Michel takes up picking pockets as a hobby, and is arrested almost immediately, giving him the chance to reflect on the morality of crime. After his release, though, his mother dies, and he rejects the support of friends Jeanne and Jacques in favour of returning to pickpocketing (after taking lessons from an expert), because he realises that it's the only way he can express himself...


Robert Bresson


Jean Pélégri
as L'inspecteur principal
Dolly Scal
as La mère
Pierre Étaix
as Accomplice 2
as 1er complice

Movie Reviews

Reviewed by Wesley-Wang 10 /10

A Man Imprisoned

Whereas in A Man Escaped (1956) the protagonist is imprisoned literally and free metaphorically, in Pickpocket the protagonist is free literally but imprisoned metaphorically. Both their literal states then transform into their metaphorical state- as in most of Bresson's films, the soul triumphs.

Though contrary to my previous statement, Bresson does not hesitate with reality. In fact, he once stated in an interview, he is "obsessed with reality". His portrayal of objects and movements are simple, but precise, as the tangible often is. This is best depicted in an elegantly coordinated sequence a little over halfway through the film, where Michel and his accomplices pickpocket several passengers on a train. The "ballet of images", as Roger Ebert described it, was the most beautiful heist scene I have ever witnessed.

Like Travis Bickle in Scorsese's Taxi Driver (1976), Michel suffers from loneliness and perverse societal beliefs. He uses pickpocketing as an outlet for pleasure, and becomes addicted. He thinks he is somehow better than everyone else, and uses this as an excuse for committing crime. As ignorant as he may seem, he does bring up some good points that are of philosophical interest. For instance, Michel argues with the inspector: "Can we not admit that certain skilled men, gifted with intelligence, talent or even genius, and thus indispensable to society, rather than stagnate, should be free to disobey the laws in certain cases?" Of course, Michel is talking about himself as one of the "supermen".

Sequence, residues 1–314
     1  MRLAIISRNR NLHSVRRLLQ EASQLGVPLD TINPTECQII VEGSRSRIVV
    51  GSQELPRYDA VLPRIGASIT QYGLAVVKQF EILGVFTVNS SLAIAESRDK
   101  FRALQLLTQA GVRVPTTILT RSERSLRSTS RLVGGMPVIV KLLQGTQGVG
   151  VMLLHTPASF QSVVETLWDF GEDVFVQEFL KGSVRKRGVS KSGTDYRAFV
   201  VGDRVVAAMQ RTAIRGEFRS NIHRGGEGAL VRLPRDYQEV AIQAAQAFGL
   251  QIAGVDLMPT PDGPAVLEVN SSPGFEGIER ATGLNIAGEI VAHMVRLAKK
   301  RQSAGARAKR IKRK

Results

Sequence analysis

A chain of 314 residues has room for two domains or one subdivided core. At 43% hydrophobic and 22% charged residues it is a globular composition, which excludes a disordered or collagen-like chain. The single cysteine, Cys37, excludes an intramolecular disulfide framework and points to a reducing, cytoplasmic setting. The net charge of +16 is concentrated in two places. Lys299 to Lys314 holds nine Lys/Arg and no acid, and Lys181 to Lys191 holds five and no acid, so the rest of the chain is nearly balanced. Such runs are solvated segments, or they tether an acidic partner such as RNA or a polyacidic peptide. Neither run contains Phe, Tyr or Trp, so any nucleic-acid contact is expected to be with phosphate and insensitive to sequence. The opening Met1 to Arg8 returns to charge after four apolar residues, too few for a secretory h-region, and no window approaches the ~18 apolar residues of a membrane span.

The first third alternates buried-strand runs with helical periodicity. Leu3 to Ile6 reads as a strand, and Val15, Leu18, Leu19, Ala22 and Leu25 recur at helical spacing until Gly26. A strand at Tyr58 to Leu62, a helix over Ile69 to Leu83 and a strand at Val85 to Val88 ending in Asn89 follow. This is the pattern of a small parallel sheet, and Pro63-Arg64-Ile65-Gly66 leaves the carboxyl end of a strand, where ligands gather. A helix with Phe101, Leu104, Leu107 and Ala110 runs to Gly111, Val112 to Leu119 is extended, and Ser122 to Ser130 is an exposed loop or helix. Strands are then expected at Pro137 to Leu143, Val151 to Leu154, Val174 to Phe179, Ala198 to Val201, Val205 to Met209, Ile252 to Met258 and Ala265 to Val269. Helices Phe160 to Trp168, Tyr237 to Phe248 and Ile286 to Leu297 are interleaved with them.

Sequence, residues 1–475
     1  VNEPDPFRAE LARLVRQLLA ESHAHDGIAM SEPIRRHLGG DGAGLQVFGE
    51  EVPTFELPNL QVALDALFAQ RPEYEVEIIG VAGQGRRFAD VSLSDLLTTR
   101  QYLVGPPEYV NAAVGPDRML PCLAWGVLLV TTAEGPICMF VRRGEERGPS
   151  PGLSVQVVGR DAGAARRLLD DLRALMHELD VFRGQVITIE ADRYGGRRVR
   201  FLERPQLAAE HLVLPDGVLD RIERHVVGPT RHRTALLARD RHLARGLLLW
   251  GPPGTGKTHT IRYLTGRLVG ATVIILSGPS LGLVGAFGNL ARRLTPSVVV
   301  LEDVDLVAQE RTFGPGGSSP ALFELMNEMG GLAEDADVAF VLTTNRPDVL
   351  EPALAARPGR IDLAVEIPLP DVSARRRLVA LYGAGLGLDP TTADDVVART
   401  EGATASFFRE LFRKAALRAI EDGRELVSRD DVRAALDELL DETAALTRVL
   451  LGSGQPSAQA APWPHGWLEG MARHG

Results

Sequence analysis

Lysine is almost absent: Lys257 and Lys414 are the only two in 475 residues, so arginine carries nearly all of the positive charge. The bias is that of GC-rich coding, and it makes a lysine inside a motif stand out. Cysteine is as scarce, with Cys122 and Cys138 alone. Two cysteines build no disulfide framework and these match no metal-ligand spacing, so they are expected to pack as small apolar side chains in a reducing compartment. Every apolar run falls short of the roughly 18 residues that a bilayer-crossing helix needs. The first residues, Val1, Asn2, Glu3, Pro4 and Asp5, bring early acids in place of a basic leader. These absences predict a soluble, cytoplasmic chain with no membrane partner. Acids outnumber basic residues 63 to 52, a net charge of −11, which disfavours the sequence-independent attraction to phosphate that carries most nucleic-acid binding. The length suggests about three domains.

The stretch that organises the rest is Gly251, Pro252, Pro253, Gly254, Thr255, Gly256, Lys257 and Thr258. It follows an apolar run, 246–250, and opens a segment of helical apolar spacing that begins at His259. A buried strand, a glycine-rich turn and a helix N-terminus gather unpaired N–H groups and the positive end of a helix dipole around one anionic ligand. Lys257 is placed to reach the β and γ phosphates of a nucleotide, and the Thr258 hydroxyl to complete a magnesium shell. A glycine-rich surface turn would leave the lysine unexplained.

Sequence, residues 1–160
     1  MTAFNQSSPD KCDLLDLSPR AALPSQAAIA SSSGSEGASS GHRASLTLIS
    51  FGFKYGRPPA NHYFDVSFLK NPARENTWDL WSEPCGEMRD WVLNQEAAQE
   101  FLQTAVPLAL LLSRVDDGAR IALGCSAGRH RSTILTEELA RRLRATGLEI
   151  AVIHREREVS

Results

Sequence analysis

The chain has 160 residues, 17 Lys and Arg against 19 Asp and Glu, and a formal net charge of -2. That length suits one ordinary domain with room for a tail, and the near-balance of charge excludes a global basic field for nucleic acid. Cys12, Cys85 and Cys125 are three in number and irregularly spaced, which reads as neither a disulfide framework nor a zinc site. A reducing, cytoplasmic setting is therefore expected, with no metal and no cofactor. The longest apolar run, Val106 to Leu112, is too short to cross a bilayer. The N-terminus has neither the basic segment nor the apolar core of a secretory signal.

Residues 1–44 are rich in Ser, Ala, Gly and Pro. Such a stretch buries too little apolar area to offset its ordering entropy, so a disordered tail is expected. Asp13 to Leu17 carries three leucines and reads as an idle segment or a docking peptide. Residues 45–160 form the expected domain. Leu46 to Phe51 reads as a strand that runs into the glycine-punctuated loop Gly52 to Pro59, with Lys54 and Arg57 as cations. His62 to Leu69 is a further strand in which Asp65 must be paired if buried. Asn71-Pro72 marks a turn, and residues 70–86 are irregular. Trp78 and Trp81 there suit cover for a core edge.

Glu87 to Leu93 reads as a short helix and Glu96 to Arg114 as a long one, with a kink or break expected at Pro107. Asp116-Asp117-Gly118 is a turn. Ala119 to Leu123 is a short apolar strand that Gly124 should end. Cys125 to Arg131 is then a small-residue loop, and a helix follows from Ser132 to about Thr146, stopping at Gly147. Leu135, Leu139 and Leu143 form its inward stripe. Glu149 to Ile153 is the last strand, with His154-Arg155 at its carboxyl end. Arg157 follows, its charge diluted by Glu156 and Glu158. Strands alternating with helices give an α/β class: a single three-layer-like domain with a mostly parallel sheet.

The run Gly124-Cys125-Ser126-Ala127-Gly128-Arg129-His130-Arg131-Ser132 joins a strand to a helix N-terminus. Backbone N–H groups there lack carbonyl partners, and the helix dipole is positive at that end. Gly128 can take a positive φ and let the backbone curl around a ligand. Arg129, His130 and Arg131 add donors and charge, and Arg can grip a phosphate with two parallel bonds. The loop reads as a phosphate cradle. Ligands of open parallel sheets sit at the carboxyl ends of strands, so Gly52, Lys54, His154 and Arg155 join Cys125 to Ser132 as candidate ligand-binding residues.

You can especially see personal elements of Bresson's thoughts embedded in Michel's character when Michel explains regarding his "supermen" theory, "(the world) is already upside down. This could set it right." Bresson has repeatedly declared his pessimistic view of modern cinema, and how its theatricality (namely contrived emotion and expressive acting) is ruining what cinema is meant to be.

The film climaxes at an ethereal last scene, where Jeanne, the young lady Michel was helping (also a similarity to Taxi Driver where Travis Bickle protects for Iris), visits him in prison. Michel realizes he is in love, and they touch through the bars that separate them. He narrates, "Oh, Jeanne, what a strange way I had to take to meet you!"

The key to Bresson's style is transcendentalism. While he provides what happens, he forces the viewer to use their imagination to answer why it happened. For example, we are left in the dark on why Michel avoids visiting his ill mother. He works on the ironic, yet genius philosophy: if you bore the viewer enough, they will become entranced. I had to watch Pickpocket twice to fully come to terms to his uncompromising methodology, and even now I'm still struggling to describe the experience of watching a Bresson film with words.

I will say this though: it's freaking hilarious how the pickpocket never locks his own door.

Reviewed by FilmSnobby 8 /10

The usual Bressonian purity.

Probably the most influential of Robert Bresson's trio of masterpieces from the Fifties (the other two being *A Man Escaped* and, of course, *Diary of a Country Priest*). *Pickpocket* sowed its seeds of influence in the minds of any number of film artists -- Jean-Pierre Melville most notably (who despised Bresson, apparently), whose *Le Samourai* was a mighty struggle against this film . . . and, most completely, writer-director Paul Schrader, who, you'll recall, wrote the *Taxi Driver* screenplay, which was another story about a loner on the outside of societal norms. And it goes without saying that Schrader's *American Gigolo*, which he also directed, is a virtual rewrite of *Pickpocket*, right down to the egregiously plagiarized finale.